There might be a Bios reset on the board. Which can restore the Bios to native configuration. This most likely is a jumper change. Once that happens put the Intel® Pentium® D in and run CPU-ID on it and come back and give us the information as to what the board is and we can go from there.
CPU-ID is a freeware program that you can run on your system that will give a list of the components within your system including the stepping on processor and the motherboard and what chipset it has. CPU-ID is a free for download and is well tested application for helping you find out information about your system.
Conroe is the pre production name for the Intel® Core™ 2 Duo processor, 1333 would be the FSB that the Conroe could support and d667 is the memory that would have been supported with an Intel® Core™ 2 Duo processor with a FSB of 1333.
So just off the top of my head this seems to be where the is, while it is possible that one of the OEMs may have upgraded a 945, 955 or 965 chipset based board to support a Intel Core 2 Duo with an FSB of 1333, I would be a little shocked if they did. And the 3 and 4 chipset series boards that did support the Intel Core 2 Duo with an FSB of 1333 don’t support the Intel Pentium D processors.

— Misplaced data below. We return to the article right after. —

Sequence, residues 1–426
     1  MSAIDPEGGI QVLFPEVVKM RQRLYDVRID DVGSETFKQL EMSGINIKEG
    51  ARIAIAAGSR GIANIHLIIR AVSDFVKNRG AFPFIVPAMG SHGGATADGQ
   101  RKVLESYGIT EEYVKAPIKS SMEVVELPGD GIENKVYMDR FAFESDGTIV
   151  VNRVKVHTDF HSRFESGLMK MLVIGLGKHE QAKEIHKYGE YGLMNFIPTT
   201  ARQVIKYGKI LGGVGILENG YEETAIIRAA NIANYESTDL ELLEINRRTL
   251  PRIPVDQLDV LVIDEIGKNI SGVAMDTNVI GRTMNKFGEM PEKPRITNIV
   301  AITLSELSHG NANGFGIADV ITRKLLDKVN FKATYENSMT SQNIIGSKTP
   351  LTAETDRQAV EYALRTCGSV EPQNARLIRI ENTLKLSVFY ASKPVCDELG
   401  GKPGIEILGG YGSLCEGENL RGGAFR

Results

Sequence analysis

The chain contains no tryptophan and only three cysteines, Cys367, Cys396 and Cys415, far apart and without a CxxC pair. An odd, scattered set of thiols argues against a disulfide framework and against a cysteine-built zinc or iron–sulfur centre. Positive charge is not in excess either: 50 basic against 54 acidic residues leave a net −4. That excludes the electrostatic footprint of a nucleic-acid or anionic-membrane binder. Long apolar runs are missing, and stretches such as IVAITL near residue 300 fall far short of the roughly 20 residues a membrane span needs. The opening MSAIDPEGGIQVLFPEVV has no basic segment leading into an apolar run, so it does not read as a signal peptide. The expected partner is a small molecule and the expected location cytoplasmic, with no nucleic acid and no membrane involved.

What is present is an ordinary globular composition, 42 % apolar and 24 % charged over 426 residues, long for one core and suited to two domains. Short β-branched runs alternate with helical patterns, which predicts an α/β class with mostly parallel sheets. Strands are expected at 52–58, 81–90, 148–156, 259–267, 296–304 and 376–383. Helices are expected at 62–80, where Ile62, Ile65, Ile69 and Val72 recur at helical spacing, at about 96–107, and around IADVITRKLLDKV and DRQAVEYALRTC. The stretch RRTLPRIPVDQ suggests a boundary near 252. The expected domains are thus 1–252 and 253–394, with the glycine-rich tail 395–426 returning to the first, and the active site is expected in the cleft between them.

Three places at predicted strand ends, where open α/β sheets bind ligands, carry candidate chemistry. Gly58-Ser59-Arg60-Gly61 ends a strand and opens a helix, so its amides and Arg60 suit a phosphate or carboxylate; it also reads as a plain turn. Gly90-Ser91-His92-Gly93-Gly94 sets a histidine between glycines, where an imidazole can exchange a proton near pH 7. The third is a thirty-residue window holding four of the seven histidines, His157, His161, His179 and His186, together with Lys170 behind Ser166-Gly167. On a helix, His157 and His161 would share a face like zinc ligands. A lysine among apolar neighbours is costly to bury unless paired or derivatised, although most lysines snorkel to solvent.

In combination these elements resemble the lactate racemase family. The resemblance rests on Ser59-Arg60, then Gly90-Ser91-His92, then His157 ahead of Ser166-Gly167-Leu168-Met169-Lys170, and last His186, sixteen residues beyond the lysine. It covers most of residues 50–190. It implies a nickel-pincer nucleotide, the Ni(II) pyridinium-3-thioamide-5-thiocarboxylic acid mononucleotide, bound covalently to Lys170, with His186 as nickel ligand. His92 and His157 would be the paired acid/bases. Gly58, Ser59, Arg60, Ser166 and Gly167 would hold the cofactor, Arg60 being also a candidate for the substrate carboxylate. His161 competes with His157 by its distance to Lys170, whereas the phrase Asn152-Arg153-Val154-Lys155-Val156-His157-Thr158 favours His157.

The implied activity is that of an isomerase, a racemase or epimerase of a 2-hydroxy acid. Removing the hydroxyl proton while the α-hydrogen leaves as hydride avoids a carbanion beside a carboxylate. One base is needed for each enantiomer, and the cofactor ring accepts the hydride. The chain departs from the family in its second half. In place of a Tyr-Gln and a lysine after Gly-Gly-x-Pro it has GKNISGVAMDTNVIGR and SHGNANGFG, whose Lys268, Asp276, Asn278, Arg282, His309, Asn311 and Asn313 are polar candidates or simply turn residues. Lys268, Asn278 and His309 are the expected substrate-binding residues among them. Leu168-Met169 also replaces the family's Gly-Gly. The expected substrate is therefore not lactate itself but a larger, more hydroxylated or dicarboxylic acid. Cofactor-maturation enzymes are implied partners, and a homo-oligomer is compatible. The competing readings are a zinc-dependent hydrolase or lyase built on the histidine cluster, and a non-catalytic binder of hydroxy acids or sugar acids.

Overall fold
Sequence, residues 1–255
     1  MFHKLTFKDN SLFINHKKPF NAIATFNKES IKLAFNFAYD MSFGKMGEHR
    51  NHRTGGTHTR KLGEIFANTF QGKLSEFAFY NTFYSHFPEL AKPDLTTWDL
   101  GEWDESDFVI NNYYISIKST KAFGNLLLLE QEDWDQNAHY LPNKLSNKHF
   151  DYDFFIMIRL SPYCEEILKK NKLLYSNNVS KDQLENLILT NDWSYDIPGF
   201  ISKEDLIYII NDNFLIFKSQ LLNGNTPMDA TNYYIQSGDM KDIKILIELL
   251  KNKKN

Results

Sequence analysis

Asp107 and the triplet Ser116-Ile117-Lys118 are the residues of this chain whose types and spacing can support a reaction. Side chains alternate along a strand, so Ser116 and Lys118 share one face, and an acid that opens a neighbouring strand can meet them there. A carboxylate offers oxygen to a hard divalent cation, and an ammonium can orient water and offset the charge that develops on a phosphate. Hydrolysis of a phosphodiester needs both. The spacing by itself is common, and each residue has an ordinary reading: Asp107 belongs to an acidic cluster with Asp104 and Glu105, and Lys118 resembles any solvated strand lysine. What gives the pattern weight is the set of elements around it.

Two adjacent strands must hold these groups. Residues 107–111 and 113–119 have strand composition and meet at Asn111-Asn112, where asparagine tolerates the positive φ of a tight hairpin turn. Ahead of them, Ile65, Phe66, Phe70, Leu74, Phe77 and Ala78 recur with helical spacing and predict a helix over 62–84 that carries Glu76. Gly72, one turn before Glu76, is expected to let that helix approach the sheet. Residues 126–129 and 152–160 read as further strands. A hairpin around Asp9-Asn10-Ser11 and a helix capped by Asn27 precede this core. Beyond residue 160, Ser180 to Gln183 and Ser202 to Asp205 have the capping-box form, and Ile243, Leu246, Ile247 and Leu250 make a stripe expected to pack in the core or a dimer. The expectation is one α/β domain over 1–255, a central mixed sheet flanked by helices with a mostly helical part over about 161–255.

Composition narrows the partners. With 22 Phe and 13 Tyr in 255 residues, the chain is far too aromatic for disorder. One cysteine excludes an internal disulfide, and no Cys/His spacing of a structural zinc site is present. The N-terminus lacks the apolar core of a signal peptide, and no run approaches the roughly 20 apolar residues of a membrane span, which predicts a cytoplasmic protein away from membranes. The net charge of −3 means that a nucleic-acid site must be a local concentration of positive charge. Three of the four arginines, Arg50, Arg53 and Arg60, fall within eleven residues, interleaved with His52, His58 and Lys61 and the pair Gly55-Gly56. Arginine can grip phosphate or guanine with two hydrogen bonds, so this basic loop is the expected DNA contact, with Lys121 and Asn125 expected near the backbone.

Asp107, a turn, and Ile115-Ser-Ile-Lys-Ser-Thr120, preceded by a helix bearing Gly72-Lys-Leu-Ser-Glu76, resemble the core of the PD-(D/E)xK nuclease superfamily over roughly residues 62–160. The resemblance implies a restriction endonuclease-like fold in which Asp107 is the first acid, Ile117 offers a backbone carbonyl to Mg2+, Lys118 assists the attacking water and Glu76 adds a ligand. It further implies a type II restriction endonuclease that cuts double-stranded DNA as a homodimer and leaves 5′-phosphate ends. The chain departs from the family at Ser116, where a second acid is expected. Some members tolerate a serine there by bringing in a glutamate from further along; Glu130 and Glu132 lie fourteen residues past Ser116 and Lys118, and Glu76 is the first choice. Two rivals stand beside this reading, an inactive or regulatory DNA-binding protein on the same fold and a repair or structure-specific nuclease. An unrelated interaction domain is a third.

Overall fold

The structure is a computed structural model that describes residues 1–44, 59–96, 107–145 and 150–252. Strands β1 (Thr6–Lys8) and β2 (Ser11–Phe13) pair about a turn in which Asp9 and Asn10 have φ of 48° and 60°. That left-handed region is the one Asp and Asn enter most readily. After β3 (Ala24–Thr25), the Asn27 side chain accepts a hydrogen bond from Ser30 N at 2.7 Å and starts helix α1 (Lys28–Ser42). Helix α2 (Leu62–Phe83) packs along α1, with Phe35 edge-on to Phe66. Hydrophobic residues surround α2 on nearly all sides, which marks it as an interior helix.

The fans, hard drives etc running just lets us know that the board is getting power and that there is a processor in it. If you put a processor in that due to increase voltage fired connect to the PCI-E 16x slot the board or the onboard graphics it would still get power but wouldn’t allow any video signal out.
The reason to reset the Bios is hoping that the board isnt fired but there was some change to the bios that is causing the problem.
That is what I am thinking/hoping if we can reset the Bios with the old CPU we can get it up and running. Most of the time when I have talked to people who have put a processor in that isn't supported it doesn't boot and may not post, but in this case who knows how the board might have reacted.